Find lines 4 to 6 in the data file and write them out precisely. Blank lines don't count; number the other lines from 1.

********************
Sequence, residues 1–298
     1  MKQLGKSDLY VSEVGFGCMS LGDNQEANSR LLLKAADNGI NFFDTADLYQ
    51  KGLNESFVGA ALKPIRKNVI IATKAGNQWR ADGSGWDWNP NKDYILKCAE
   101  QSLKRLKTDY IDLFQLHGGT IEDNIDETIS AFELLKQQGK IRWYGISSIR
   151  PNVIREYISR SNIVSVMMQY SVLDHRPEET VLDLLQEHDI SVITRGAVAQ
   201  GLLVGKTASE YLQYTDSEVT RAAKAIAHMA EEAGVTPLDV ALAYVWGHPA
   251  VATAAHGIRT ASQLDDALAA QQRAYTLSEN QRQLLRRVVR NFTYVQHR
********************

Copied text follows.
   101  QSLKRLKTDY IDLFQLHGGT IEDNIDETIS AFELLKQQGK IRWYGISSIR
   151  PNVIREYISR SNIVSVMMQY SVLDHRPEET VLDLLQEHDI SVITRGAVAQ
   201  GLLVGKTASE YLQYTDSEVT RAAKAIAHMA EEAGVTPLDV ALAYVWGHPA